Now I would rather pay a Christian for a product or service, but there is another side to this coin. Just because I am a Christian does that mean I have to find another Christian to provide my products and services? Suppose I know a Christian who could get the job done, but not with the quality I require? Am I obligated to hire a Christian anyway and then have inferior work done? Some say that would be the “Christian thing to do.” I say, “No.”
If I hire you to fix my car I am expecting you to know what you are doing and to do it right the first time. If that doesn’t happen then I have wasted the money God gave me to steward, not to mention the time that I have lost. Perhaps the “Christian thing to do” would be to be honest and tell someone that their work is not the quality that it could be. Instead of feeling obligated to hire them, why not give them some money so that they can get the training they need so they can do quality work? Feeling sorry for someone and then having them do a job that they or someone else will need to re-do it is not helping my brother or sister.
As a final thought, why shouldn’t Christian businesses be the best businesses on the face of the earth? That takes a lot more than just having a Christian sounding name. It means quality work. It means integrity and honesty. It means operating biblical principles of giving more value. Having a Christian business reflects back on our Heavenly Father and His Son, Jesus Christ. As a matter of fact, whether we own a business or are simply employed by someone, the “Christian thing to do” is to work heartily, ethically, and honestly with the love of God. Our light should so shine that everybody, Christians and non-Christians alike want our products and services.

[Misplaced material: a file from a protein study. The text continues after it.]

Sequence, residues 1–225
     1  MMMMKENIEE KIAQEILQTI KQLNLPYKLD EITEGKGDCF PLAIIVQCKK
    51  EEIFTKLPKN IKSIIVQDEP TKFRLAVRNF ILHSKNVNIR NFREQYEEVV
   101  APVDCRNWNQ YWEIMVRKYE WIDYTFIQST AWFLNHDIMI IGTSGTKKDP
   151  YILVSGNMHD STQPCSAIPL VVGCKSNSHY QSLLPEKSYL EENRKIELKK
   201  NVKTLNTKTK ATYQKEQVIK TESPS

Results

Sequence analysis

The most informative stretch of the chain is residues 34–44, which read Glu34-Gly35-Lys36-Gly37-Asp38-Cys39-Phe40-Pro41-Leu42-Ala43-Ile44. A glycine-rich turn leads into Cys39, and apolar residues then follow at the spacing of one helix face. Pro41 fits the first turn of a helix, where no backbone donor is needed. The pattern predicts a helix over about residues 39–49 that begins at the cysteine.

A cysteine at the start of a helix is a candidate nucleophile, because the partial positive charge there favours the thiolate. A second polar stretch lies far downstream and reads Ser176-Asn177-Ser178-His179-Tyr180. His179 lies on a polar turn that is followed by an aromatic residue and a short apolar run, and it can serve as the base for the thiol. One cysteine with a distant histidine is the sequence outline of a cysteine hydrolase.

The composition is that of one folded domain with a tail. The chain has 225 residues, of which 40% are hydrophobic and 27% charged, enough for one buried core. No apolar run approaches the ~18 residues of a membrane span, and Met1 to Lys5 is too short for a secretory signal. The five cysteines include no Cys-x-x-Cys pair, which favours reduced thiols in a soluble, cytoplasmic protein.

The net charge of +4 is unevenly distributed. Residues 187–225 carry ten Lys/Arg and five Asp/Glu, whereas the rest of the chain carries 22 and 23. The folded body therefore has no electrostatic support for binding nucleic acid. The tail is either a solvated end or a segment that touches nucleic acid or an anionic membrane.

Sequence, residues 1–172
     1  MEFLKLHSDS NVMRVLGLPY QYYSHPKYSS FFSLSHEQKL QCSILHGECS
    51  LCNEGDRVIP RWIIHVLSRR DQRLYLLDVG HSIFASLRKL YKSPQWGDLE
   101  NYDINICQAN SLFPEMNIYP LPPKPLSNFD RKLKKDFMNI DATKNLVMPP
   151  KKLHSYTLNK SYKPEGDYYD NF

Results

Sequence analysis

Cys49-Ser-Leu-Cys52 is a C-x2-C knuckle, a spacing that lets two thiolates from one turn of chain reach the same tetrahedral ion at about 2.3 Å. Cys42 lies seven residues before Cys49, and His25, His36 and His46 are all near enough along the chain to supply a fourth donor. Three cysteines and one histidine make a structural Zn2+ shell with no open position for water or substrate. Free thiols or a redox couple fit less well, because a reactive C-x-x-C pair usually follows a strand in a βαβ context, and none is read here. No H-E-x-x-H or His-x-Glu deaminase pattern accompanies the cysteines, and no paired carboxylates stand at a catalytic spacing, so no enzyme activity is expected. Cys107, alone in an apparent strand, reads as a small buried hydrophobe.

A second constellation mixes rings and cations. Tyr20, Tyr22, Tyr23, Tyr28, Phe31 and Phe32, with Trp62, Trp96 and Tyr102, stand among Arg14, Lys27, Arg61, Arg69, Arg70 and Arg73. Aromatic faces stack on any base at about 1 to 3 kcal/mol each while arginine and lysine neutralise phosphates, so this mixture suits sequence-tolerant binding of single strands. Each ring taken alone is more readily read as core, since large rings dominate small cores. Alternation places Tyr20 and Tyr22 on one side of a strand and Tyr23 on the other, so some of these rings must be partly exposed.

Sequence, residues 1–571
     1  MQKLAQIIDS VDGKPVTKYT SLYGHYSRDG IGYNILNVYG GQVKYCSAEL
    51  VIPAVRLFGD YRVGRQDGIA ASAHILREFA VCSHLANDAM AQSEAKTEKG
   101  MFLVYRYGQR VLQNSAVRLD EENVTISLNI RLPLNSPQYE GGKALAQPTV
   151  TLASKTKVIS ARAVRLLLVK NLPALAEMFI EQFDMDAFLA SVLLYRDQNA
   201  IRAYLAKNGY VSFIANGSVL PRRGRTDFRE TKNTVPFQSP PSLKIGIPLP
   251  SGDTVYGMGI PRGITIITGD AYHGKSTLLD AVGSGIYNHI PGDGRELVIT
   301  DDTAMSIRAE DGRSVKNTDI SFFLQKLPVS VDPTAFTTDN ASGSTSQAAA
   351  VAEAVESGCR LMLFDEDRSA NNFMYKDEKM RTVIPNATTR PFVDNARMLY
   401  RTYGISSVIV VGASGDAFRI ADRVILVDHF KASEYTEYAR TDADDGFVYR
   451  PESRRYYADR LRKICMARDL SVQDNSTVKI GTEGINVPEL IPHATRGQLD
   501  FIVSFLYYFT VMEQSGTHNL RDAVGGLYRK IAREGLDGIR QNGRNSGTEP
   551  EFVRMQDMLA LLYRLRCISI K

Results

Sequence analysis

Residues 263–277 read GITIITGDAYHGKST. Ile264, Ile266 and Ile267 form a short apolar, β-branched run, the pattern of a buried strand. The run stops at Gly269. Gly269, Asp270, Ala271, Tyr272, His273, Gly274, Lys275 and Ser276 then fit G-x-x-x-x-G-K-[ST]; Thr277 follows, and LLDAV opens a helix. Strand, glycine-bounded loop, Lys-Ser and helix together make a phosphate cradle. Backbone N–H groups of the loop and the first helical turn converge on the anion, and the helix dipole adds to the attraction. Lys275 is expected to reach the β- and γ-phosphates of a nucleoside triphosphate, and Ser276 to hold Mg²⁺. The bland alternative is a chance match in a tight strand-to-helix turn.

One of the best ways to lose weight is to have a change of heart as well as a change of mind. When you participate in a Christian weight loss program you’ll soon discover that the emphasis will include more than simply losing weight.
You can take as many diet pills as you want and it will still not provide a method for proven weight loss in the long term. With pills you will generally see results as long as you are taking the pills. Once you abandon the pills because of total cost or dissatisfaction in how your body is reacting to the stimuli found in most diet pills you will see the weight return – and the weight always seems to bring friends.